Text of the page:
Get On Up, the 2014 film from The Help director Tate Taylor breaks away from a good chunk of the formula and cliche pitfalls that beset biographical films. With the casting of the then lesser-known Chadwick Boseman and the flavor by which it does its time-hopping, Get On Up succeeds in those two extra qualities that I like to see in a really good biopic. For that, the film separates itself nicely from the rest of the pack as one of the best biographical films in recent memory.
Biographical films made by Hollywood have their basic formula ingredients that are pretty stock and simple to the point of cliche. You need an interesting subject person, with a preference to the famous so that there’s a built-in familiarity for ticket buyers. Next, you need enough of a somewhat-brutal honesty to show the good and the bad about the subject. Sugarcoating is allowed, but everyone prefers a flawed character that eventually makes good. Finally, your subject person needs a story that moderately has a beginning, middle, and an end. That’s easy enough to the point of redundancy.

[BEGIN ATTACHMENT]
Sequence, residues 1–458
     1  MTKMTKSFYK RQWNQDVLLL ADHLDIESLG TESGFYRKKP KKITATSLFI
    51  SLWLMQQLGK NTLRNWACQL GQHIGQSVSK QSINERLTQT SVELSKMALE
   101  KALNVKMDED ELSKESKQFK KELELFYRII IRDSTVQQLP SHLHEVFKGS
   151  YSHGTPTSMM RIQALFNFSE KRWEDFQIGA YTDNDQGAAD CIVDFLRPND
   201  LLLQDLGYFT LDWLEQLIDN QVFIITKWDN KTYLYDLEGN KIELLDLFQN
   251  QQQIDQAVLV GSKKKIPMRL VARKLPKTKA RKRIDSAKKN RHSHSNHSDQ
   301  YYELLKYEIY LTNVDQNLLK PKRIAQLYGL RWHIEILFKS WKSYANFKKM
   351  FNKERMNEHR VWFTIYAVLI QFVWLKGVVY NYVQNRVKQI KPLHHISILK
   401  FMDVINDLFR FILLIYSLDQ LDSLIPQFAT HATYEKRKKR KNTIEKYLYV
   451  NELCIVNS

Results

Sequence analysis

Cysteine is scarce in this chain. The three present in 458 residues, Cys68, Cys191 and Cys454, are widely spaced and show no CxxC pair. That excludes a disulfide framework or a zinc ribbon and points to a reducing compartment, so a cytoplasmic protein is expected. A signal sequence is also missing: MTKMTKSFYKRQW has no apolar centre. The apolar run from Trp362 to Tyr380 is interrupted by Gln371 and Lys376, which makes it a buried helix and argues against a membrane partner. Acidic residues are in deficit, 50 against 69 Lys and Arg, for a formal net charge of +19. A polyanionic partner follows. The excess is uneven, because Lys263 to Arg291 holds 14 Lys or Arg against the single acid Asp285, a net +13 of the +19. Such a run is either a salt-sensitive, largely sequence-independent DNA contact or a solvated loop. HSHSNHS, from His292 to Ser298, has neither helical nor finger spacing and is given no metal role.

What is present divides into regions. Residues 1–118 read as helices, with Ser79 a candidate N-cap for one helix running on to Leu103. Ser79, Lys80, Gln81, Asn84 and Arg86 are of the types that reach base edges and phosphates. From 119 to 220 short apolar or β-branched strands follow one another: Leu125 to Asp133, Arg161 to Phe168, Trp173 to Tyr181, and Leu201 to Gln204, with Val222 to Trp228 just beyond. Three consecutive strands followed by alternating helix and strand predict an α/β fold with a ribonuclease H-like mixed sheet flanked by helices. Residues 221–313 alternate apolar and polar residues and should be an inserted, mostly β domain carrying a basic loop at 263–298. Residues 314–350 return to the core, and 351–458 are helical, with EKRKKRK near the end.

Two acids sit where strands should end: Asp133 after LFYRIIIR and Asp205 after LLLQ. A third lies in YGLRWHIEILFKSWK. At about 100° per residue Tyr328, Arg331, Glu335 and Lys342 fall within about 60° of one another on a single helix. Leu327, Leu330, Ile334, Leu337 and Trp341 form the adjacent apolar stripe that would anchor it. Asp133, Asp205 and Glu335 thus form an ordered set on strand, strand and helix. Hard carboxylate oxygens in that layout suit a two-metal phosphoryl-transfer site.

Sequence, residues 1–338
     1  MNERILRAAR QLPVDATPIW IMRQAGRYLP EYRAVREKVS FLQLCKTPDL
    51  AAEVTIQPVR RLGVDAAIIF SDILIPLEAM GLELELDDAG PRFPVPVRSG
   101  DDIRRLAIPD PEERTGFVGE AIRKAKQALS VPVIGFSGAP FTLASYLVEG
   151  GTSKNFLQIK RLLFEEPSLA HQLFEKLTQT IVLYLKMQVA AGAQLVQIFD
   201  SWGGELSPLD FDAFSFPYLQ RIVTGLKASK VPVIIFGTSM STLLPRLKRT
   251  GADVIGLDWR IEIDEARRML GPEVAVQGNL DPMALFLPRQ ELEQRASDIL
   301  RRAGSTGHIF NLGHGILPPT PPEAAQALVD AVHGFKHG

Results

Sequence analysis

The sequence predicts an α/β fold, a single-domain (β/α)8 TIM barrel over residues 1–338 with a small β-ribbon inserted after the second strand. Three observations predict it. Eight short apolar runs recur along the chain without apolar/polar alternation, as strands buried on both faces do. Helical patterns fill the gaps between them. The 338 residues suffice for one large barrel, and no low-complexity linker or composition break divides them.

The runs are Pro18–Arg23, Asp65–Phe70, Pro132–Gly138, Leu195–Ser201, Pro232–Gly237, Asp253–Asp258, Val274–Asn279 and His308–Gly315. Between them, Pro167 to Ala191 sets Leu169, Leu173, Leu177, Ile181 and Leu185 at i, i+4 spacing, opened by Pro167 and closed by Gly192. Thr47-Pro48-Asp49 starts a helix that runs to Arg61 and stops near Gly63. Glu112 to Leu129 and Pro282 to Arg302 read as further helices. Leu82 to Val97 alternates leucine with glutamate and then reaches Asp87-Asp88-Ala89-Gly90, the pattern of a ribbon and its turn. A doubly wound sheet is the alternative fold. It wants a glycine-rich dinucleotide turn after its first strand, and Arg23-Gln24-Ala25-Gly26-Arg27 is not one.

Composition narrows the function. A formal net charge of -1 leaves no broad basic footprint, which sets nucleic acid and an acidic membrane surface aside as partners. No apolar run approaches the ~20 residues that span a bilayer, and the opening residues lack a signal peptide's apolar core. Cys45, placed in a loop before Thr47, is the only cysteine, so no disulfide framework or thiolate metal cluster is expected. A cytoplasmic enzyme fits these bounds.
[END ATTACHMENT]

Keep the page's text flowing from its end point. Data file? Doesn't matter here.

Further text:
That redundancy brings out the cliches that invade biography movies and make them sometimes tiresome. Those cliches range from truth-bending character choices, casting controversies, excessive sugarcoating, repetitive life and career problems, forced happy endings, and every overdone cinematic flashback trick in the book. The list of biography films that fall for both the same formula and these common cliches is long and distinguished. Even the worst perpetrators have made money and won Academy Awards.